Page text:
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Publication Detail
Creative expressiveness in childhood writing predicts educational achievement beyond motivation and intelligence: A longitudinal, genetically informed study
  • Publication Type:
    Journal article
  • Publication Sub Type:
    Journal Article
  • Authors:
    Toivainen T, Madrid-Valero JJ, Chapman R, McMillan A, Oliver BR, Kovas Y
  • Publication date:
    01/12/2021
  • Pagination:
    1395, 1413
  • Journal:
    British Journal of Educational Psychology
  • Volume:
    91
  • Issue:
    4
  • Status:
    Published
  • Print ISSN:
    0007-0998
Abstract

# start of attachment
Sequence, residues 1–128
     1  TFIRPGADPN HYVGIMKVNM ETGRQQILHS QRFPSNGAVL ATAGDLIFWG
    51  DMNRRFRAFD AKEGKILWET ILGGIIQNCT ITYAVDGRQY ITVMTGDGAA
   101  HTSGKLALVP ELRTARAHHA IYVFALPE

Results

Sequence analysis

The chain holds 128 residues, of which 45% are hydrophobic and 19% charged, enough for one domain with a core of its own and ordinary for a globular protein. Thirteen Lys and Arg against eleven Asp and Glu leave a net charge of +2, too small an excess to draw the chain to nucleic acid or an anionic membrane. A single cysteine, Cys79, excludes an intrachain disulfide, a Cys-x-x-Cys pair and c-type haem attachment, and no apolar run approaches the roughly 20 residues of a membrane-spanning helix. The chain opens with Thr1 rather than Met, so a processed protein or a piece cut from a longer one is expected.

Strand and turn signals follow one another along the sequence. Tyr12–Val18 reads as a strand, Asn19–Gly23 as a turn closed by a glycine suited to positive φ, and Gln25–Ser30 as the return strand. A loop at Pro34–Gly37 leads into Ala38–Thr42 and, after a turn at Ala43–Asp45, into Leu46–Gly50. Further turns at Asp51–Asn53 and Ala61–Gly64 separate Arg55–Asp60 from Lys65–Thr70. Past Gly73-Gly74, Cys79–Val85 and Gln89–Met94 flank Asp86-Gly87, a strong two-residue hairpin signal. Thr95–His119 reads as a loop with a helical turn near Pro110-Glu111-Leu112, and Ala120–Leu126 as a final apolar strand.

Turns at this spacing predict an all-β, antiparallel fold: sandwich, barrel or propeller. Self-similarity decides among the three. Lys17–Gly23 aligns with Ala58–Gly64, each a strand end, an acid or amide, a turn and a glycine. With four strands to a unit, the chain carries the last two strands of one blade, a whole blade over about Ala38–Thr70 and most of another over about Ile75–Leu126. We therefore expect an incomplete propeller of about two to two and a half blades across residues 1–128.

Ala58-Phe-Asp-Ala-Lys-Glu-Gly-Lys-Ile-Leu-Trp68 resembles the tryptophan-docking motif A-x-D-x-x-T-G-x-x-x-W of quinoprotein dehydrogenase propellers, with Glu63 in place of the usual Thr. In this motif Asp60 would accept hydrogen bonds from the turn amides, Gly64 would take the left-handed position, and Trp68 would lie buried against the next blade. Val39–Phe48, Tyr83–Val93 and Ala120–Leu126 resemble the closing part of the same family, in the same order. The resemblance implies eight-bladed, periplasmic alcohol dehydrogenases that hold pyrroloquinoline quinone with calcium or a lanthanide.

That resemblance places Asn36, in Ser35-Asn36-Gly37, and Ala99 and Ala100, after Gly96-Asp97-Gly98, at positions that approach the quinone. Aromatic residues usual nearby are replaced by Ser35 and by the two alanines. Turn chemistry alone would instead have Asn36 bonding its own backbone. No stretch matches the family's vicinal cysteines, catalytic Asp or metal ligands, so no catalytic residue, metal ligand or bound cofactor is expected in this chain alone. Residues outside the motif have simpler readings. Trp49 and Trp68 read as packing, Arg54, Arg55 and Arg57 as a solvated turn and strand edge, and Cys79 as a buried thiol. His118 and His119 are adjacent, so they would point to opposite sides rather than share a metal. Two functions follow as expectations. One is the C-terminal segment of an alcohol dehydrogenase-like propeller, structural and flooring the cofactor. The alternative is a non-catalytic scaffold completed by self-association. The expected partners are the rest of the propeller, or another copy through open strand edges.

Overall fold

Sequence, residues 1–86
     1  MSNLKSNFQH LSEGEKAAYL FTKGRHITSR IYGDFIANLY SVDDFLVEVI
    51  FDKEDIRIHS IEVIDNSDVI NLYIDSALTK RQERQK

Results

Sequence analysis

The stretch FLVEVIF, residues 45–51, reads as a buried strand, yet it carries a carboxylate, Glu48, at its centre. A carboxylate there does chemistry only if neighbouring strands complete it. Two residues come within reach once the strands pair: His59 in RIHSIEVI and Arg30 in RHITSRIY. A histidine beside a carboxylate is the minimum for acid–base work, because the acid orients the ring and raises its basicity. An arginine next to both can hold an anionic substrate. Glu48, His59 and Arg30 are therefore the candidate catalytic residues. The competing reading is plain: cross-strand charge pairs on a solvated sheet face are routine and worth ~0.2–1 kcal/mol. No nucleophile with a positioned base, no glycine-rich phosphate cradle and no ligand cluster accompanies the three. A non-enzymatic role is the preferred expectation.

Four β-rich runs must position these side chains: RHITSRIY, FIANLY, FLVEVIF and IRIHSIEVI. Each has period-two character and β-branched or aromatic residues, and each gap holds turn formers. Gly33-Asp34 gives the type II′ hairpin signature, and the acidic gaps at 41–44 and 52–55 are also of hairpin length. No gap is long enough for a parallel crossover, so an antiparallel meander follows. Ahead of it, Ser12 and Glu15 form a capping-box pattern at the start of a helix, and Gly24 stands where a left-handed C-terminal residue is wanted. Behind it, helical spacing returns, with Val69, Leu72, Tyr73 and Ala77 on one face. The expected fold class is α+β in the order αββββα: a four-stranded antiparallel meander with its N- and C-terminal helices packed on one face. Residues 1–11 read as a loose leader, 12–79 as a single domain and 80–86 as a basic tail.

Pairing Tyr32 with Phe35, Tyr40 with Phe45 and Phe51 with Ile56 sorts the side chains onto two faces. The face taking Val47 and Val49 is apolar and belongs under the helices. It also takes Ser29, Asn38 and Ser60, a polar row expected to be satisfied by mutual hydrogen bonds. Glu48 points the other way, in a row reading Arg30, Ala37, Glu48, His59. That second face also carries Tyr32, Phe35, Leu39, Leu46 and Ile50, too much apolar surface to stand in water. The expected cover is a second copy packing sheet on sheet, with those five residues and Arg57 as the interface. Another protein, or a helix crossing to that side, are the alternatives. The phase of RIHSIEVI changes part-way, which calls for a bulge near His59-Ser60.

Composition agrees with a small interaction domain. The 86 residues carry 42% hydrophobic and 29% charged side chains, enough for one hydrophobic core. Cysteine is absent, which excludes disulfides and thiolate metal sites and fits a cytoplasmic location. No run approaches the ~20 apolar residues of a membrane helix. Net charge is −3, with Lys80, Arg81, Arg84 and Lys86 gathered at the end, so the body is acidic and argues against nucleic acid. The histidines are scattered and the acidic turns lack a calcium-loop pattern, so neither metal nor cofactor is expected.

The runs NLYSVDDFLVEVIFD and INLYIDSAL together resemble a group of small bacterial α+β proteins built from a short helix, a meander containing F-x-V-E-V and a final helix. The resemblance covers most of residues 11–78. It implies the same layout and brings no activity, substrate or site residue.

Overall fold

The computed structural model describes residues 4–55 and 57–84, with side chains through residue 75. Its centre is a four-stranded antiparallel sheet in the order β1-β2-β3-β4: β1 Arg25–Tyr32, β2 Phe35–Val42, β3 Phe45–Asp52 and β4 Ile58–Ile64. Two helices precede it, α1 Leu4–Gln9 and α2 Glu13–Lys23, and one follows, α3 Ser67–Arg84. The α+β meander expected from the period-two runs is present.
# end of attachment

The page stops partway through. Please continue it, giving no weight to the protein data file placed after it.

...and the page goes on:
Background: Creativity is linked with educationally relevant constructs such as achievement, intelligence, and motivation. However, very few studies have explored longitudinal links between the constructs or the aetiology of individual differences in childhood creativity. Aims: The study addresses the gap in the literature of developmental studies on the relationship of creativity with other educationally relevant measures. Additionally, the present study is the first adequately powered genetically informative analysis of childhood creativity. Sample(s): The present study utilized data from 1,306 twins, a subsample fromĀ a longitudinal, representative twin sample in the UK. Methods: Creativity was operationalised as a Creative Expressiveness score, using the Consensual Assessment Technique on stories written by 9-year-olds. Intelligence and writing motivation were assessed at age 9. Academic achievement was collected at ages 9, 12, and 16. Results: Creative Expressiveness was associated with intelligence and motivation, all measured at age 9. It also predicted variance in English grades at ages 9 and 16. The associations were weak, but significant, over and above intelligence, motivation, and earlier English grades. The variance in Creative Expressiveness was explained by genetic (35%), shared environmental (21%), and non-shared environmental (45%) influences. The phenotypic correlations with other study variables were mainly mediated genetically. Conclusions: The results provide information that can be used for planning educational content. First, creativity can be detected in childhood writing. Second, childhood creativity may be overlooked in early educational assessments. Third, the results from the genetic analyses are important indications on the role of environments in the development of creativity.
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